The mammalian genome contains nine voltage-gated sodium channel α-subunit genes (SCNA genes), along with an evolutionarily-related gene encoding a non-voltage-gated sodium channel (Yu and Catterall,2003). During axonal myelination, SCN8A replaces SCN2A as the major sodium channel isoform at the nodes of Ranvier. SCN8A sodium channels are responsible for postnatal increases in sodium current in motoneurons (Burgess et al.,1995; Garcia et al.,1998). The reduced expression of SCN8A sodium channels is associated with a broad spectrum of locomotor impairments. Missense and nonsense mutations of SCN8A gene result in motor end-plate disease, characterized by ataxia, tremor, muscle weakness, and dystonia. The severity of neurological phenotypes in mice with different SCN8A allelic mutations is related to the amount of remaining normal SCN8A mRNA (Raman et al.,1997; Meisler et al.,2001; Meisler et al.,2004). High-frequency firing as well as resurgent and persistent currents is reduced in Purkinje cells of SCN8A mutant mice and mice with Purkinje cell–specific SCN8A knockout. Thus, SCN8A sodium channels play an essential role in the motor circuit (Raman et al.,1997; Levin et al.,2006).
The zebrafish scna gene family consists of four sets of duplicated sodium channel genes, designed as scn1aa/ab, scn4aa/ab, scn5aa/ab, and scn8aa/ab (Novak et al.,2006). Scn8aa/ab shares sequence homology with mammalian SCN8A gene family. Zebrafish scn8aa gene is expressed in both Rohon-Beard neurons (RB) and trigeminal ganglia (trg) at around 16–17 hr post fertilization (hpf) when these neurons start to extend axons (Kuwada et al.,1990; Tsai et al.,2001). Zebrafish scn8aa sodium channels play critical roles in the development of normal motilities during early embryonic stages. An increase in the number of scn8aa sodium channels is responsible for the developmental upregulation of RB sodium current (Pineda et al.,2005). Knockdown of scn8aa gene increases the survival of RB and delays the dorsal projection of secondary motoneurons (Pineda et al.,2006). Furthermore, knockdown of scn8aa gene attenuates spontaneous contraction, tactile sensitivity, and swimming of zebrafish embryos (Chen et al.,2008). It is suggested that scn8aa sodium channels are essential for early embryonic locomotor activities.
Transcriptional regulation of sodium channel genes during development is highly dynamic (Spitzer and Ribera,1998; Spitzer et al.,2002). The expression of SCN1A, SCN2A, and SCN8A sodium channels increases, while the expression of SCN3A sodium channels decreases. The promoters of mammalian neuronal-specific SCN2A, SCN3A, and SCN8A genes as well as muscle-specific SCN5A gene have been identified (Kraner et al.,1992,1999; Drews et al.,2005,2007). Repressor element 1 (RE1) prevents extra-neuronal expression of rat SCN2A gene (Chong et al.,1995; Lunyak et al.,2004; Ma,2006). The conserved elements located in exon 1 of mouse SCN8A, human SCN8A, chicken SCN8A, and zebrafish scn8aa are sufficient for brain-specific expression in transgenic mice (Drews et al.,2005). Whether this regulatory fragment is sufficient to drive the expression of mouse SCN8A in the spinal cord and during embryonic development remains unknown. Here, we investigate the transcriptional regulatory mechanism of zebrafish neuronal-specific scn8aa gene. We provide evidence that four enhancing elements, including three newly identified elements and one conserved element shared with mouse SCN8A gene, cooperatively regulate the transcription activity of zebrafish scn8aa in the brain and spinal cord.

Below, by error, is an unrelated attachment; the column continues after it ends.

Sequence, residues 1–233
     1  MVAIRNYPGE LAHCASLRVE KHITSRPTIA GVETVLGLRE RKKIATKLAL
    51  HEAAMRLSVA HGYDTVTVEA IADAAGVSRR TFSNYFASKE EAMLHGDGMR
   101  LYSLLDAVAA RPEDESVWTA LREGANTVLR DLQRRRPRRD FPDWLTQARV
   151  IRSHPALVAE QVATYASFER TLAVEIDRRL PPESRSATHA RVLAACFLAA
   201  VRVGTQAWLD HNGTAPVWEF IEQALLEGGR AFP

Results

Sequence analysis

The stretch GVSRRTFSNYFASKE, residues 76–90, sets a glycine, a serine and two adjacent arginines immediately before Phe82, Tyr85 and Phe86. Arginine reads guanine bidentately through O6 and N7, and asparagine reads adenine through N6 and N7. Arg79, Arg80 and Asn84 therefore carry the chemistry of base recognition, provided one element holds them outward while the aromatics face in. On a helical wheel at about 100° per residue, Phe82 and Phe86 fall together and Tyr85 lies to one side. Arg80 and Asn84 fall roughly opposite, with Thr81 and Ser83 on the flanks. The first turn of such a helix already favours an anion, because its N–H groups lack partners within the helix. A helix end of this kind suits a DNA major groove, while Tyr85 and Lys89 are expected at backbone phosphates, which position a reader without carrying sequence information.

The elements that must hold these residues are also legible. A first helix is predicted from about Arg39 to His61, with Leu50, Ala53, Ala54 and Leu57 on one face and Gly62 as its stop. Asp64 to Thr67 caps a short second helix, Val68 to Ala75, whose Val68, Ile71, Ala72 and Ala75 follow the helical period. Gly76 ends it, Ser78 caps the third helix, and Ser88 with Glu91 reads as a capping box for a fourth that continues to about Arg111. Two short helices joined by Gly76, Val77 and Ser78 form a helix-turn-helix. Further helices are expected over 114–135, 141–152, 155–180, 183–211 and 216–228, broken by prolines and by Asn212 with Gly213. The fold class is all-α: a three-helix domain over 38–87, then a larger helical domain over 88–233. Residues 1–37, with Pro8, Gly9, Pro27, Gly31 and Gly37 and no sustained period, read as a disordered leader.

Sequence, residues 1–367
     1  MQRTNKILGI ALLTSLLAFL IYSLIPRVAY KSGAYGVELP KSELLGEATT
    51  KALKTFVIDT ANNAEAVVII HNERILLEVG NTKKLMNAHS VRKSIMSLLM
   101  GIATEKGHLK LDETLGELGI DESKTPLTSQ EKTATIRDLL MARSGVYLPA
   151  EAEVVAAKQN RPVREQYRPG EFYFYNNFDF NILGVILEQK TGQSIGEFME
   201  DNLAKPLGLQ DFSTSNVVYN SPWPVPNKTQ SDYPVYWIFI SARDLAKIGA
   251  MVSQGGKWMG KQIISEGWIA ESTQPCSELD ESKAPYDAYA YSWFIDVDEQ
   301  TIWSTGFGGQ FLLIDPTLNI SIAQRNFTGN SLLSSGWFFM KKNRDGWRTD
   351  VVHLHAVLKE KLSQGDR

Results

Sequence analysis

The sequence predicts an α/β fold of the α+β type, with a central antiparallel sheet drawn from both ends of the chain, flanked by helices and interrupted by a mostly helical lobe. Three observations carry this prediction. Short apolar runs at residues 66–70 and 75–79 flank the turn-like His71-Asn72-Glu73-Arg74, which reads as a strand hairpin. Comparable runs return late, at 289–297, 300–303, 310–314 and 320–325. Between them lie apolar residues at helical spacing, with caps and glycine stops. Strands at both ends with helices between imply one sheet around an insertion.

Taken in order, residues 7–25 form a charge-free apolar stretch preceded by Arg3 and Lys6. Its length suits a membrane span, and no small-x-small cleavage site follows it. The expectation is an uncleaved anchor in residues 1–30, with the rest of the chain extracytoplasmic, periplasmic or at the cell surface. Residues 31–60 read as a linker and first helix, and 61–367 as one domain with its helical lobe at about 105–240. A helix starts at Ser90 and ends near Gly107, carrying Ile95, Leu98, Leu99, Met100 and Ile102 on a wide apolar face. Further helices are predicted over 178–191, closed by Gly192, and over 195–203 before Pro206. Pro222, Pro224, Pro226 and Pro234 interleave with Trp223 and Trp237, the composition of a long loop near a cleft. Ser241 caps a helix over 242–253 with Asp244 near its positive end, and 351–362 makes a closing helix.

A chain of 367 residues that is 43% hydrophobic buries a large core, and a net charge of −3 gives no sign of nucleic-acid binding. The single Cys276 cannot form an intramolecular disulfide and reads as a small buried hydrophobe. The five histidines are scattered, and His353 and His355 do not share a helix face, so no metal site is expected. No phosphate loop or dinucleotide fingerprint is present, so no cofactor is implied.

A 15-kb Putative Regulatory Fragment of Zebrafish Scn8aa Restricted GFP Expression in a Neuronal-Specific Manner
To study the transcriptional regulation of zebrafish scn8aa, a 15-kb putative regulatory fragment was isolated from zebrafish genomic library. The transcriptional start site, as determined by 5′ RACE, was designed as +1 bp. The 15-kb genomic fragment encompassed 7.4 kb 5′ upstream region, 283 bp exon 1, and 7.2 kb intron 1. One putative TATA box (TATAAATA) was located at +74 bp. There was a 1.5-kb gap between the 3′ end of the 15-kb genomic fragment and the translation start codon of scn8aa (Fig. 1A).
To determine whether the 15-kb fragment is sufficient to modulate the expression of scn8aa in a broad spectrum of neuronal types, we cloned the fragment into a modified pEGFP-ITR reporter vector. The resulting plasmid, designated scn8aa:GFP, was injected into zebrafish embryos at the one-cell stage for transient transgene expression analysis. GFP was expressed in the anterior lateral line ganglia, posterior lateral line ganglia, trg, and the ventral region of the hindbrain at 24 hpf (Fig. 1B, a). GFP protein was detected in RB and interneurons in the spinal cord (Fig. 1B, c). GFP expression pattern of scn8aa:GFP recapitulated the expression pattern of endogenous scn8aa mRNA at 24 hpf (Fig. 1B, b and d). At 48 hpf, GFP-positive cells were observed in the hindbrain and spinal cord (Fig. 1B, e and g). It was consistent with the profile of scn8aa mRNA expression at this stage (Fig. 1B, f and h). GFP- and scn8aa mRNA- positive cells became more abundant in the brain, spinal cord, and retina at 72 hpf (Fig. 1B, i–l). The olfactory sensory neurons, retinal neurons, optic tectum, and ventral and dorsal projecting motoneurons were GFP-positive at 72 hpf (Fig. 1B, m–p). The accumulation of GFP protein in the cytoplasm of spinal neurons allowed us to identify subtypes of interneurons (Fig. 1B, q–w). Seven of the nine classes of spinal interneurons, including three classes of ascending interneurons (DoLA, CoPA, and CoSA), three classes of descending interneurons (VCoD, VeMe, and CiD), and bifurcating interneurons (CoBL) (Hale et al.,2001; Higashijima et al.,2004), were GFP-positive. The 15-kb fragment was sufficient to drive GFP expression in all of scn8aa mRNA-expressing neurons, with the single exception of dorsal root ganglia (DRG) in the transient expression assay shown in Table 1.